An eclectic choice for this year’s New York Flamenco Festival, popular Spanish rockers Canteca de Macao played a deceptively sophisticated, dizzyingly multistylistic show that was impossible to resist. America doesn’t have anything like these guys: their closest relative, and obvious precursor is the theatrical Mexican band El Tri. Ana, their frontwoman shifted effortlessly between a powerful, dramatic, slightly smoky contralto and a more lighthearted delivery that she used when the intensity level dipped a little. With a rhythm section that included two percussionists (on timbales, congas or cajon) it was obvious from the git-go that Canteca de Macao are first and foremost a party band – within a minute from the time they took the stage, the front rows were bouncing. Most of the upbeat numbers had a gypsy rock feel, spiced with a lot of playful tug-of-war between flute and lead guitar. Chiki, their acoustic guitarist – who also took lead vocals on several cuts – got to take all of one solo all night long, on one of the more overtly flamencoish numbers, and it turned out to be the best one of the evening.

It was a carnival ride of shifting tempos, slowing down into reggae or speeding up into ska, as they did on a number that lept from merengue into a brisk one-drop rhythm, sung by Juancho, their conguero. He may be a small guy, but as it turns out he’s also a babe magnet – and he knows it, as he told the crowd. Another gypsy rock tune bounced along on a bachata basssline that took a crescendoing swoop to the upper registers on the turnaround out of the verse. They worked brief rap interludes into a few songs, including a rapidfire kazoo-fueled anthem for fashion misfits everywhere. As good and diverse as their musicianship is, they don’t take themselves particularly seriously in the lyric department: “It doesn’t matter,” Ana and the rest of the band hollered defiantly on one of the best-received dance numbers. The first of the encores featured a smartly terse, flamenco-flavored bass solo; as they wound up the show, they broke songs down into halftime, sped them up again and threw out a handful of false endings until that device had been used to death. The crowd – a pleasantly surprising mix of nationalities and demographics, kids and others old enough to be their parents – didn’t want to let them go. It was something like a Gogol Bordello show in Spanish – a lot of the same tonalities, a brighter, more carefree vibe but the same kind of energy.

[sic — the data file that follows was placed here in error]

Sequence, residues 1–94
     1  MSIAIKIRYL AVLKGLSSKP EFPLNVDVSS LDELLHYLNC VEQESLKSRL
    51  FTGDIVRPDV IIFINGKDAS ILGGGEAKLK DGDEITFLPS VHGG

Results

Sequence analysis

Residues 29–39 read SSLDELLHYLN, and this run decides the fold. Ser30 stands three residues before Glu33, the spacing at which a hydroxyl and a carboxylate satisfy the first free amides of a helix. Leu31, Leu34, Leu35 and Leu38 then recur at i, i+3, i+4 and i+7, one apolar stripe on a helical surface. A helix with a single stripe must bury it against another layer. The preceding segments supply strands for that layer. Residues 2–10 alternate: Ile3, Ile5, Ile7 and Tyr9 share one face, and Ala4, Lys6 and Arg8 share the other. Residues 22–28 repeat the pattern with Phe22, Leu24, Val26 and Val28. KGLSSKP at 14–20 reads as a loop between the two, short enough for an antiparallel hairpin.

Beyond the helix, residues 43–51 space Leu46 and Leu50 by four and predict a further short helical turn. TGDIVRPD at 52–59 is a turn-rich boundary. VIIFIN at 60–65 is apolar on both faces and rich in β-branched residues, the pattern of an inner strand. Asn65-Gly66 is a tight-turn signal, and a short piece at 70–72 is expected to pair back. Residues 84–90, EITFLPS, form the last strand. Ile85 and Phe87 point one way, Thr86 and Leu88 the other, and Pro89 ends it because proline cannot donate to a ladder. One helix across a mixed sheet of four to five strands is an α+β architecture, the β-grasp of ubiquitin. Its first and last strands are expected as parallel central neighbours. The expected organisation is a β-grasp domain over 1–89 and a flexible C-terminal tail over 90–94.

And while we’re at it, let’s big up the sound guys: the Highline is a great-sounding room to begin with, but you had a tough mix to deal with, all those mics onstage, and you delivered.

February 18, 2010 Posted by | concert, Live Events, Music, music, concert, New York City, review, Reviews, rock music, world music | , , , , , , , , , , , , , , , , , , , , , , , , , , , , , | Leave a comment

Song of the Day 2/18/10

The best 666 songs of alltime countdown continues every day, all the way to #1. Thursday’s song is #161:

String Driven Thing – Suicide

Just so you know, we deleted Decades by Joy Division to make room for this somewhat more direct, fiery blues-rock song by the cult band responsible for the 1972 The Machine That Cried album. This one’s from the band’s 1992 Live in Manchester reunion tour cd, a bitter rocker’s graveside tableau:

The T in contract

The I in impasse

The M in muzak

The E in Ex-lax

The S in suicide

The long, Dave Swarbrick style violin solo winds this up ferociously.

February 18, 2010 Posted by | lists, Lists - Best of 2008 etc., Music, music, concert, rock music | , , , , , , , , , , , , , , , , , , , , , , , , , , , , | Leave a comment